Due to productivity gains, the private sector is able to produce enough goods and services for society without employing all available workers. The Federal Government can fulfill an important role to ensure full employment. This can take the form of the outright hiring of some percentage of the potential workforce to be law enforcement officers, firefighters, teachers, soldiers, etc., or it can take the form of additionally spending to create enough aggregate demand so that the private sector maintains full employment. In either case any spending to maintain full employment should be done above and beyond tax receipts (taxes remove aggregate demand from the private sector).

Savings Desire
Many workers (and businesses) desire to save money, and this savings behavior is generally encouraged in our society. There are many valid reasons why society saves (or “hoards” in economic parlance) money. The government provides a very low level of social services. We have no universal healthcare, social security payments in old age are usually insufficient, and we have no universal job guarantees.  So saving money for a rainy day is a good idea. In addition, the government provides powerful incentives that encourage workers to save, usually by reducing tax burdens. These incentives include a multitude of tax-advantaged savings mechanisms for retirement, such as IRA accounts, or savings vehicles for various other purposes, such as 529 plans for a child’s college expenses.

The act of saving some of the income you receive rather than spending all of it reduces economic activity. One person’s spending is another person’s income. In order to allow the private sector to save, the government must spend above and beyond its tax receipts (i.e., deficit spend). If the government does not provide the private sector with the necessary funds to save, the result is reduced economic activity and unemployment.

Foreign Trade Imbalance
The final issue that necessitates continued deficit spending is our foreign trade imbalance. The United States imports far more goods than it exports. This is not necessarily a bad thing, since the importation of goods represents real benefits to our economy. The trade deficit means, however, that each incremental good imported beyond an offsetting export produces a corresponding incremental increase of unemployment—unless the government intervenes. Because we import something, the economy no longer has that money to pay a domestic worker to manufacture that item; we paid a foreigner to manufacture it. Deficit spending allows the government to step in and be the provider of aggregate demand of last resort. Its actions promote full employment in our economy.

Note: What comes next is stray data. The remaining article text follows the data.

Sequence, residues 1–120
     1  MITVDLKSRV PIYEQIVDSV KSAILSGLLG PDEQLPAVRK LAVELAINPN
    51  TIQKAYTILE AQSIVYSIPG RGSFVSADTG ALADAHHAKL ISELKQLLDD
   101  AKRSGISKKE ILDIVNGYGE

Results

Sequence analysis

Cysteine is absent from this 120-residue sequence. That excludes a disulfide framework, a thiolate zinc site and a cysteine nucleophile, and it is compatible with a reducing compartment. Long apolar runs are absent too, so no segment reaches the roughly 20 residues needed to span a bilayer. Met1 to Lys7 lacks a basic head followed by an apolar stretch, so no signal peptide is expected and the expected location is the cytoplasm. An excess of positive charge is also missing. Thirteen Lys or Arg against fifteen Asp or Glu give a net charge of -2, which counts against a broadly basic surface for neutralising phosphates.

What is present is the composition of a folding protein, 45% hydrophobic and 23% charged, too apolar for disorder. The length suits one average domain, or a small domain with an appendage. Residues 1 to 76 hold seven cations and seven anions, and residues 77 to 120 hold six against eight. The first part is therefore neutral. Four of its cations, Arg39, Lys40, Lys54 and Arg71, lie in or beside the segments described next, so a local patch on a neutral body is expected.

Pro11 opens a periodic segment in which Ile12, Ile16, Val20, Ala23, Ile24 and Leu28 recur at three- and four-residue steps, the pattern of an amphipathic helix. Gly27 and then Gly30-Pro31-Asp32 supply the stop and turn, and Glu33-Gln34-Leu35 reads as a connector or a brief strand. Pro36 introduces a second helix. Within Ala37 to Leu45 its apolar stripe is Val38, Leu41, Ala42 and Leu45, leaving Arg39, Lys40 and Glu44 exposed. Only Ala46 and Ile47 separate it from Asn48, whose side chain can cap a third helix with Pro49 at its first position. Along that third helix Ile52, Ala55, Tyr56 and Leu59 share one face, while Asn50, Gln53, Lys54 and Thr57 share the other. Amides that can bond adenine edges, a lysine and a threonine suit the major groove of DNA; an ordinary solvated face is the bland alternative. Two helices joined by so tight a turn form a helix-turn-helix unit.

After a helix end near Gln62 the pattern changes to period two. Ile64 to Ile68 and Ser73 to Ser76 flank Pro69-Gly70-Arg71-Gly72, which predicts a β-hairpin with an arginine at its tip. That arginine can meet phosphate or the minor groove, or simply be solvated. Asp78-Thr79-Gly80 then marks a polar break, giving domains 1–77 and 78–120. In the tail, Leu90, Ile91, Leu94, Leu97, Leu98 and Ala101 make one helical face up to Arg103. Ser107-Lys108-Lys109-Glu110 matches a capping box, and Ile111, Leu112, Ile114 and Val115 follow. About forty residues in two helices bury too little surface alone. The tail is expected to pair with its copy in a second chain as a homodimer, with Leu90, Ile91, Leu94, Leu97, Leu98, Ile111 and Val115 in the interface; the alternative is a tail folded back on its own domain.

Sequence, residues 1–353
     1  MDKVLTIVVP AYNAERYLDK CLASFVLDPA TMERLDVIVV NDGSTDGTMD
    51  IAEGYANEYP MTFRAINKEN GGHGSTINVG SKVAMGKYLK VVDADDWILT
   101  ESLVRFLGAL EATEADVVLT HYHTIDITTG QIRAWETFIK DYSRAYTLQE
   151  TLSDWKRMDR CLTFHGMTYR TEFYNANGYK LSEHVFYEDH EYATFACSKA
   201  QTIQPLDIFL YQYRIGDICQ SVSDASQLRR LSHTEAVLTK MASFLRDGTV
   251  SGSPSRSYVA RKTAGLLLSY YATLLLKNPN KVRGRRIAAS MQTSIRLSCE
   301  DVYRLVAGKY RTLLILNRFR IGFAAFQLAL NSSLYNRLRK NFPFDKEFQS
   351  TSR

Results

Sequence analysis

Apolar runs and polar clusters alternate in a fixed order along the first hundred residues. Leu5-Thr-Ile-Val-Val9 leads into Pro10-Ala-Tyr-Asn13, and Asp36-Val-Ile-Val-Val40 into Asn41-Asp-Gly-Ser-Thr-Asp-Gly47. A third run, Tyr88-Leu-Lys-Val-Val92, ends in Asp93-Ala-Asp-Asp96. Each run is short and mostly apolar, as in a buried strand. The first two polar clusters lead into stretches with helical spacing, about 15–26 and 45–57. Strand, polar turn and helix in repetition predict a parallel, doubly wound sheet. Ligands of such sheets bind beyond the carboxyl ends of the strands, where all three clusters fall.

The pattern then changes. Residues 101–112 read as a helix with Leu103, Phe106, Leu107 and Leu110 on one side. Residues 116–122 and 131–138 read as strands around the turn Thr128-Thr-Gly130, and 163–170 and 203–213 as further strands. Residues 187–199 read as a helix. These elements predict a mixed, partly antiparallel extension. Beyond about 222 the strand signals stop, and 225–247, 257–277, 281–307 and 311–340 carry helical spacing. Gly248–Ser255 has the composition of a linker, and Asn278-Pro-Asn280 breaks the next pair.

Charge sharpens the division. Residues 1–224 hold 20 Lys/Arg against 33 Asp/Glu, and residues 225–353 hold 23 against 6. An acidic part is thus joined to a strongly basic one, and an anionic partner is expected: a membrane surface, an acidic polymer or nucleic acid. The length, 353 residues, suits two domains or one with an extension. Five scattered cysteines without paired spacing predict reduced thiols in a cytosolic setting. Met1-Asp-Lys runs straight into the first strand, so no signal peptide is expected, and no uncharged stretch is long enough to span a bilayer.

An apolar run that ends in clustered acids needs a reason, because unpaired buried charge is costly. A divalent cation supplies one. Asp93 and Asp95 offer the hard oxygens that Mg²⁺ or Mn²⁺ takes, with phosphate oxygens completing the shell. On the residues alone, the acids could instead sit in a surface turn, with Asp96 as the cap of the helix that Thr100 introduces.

But What About…

Inflation
Since the United States Federal Government issues its own currency, it will never be unable to make good on any monetary payment promises it has made. The only question is how much will the currency it issues be worth? That is, will inflation erode the value of the currency? Inflation is the only thing that we have to worry about in our monetary system.

It is important to understand that the very act of “printing money” does not cause inflation. Every dollar in circulation had to be first spent into existence. It is only when these dollars are “printed” and spent in excess that inflation may occur. The key word is “spent.” Unspent money causes no inflation.

It is also important to understand what inflation is and what it isn’t. There are different types of inflation. The two main types of inflation are (1) demand pull and (2) cost push inflation.

Cost push inflation comes from the rise in price of critical goods or services for which there is no alternative. For example, suppose I am the sole producer of LIO, a new substance that is used virtually throughout the economy and for which no close substitute exists. As a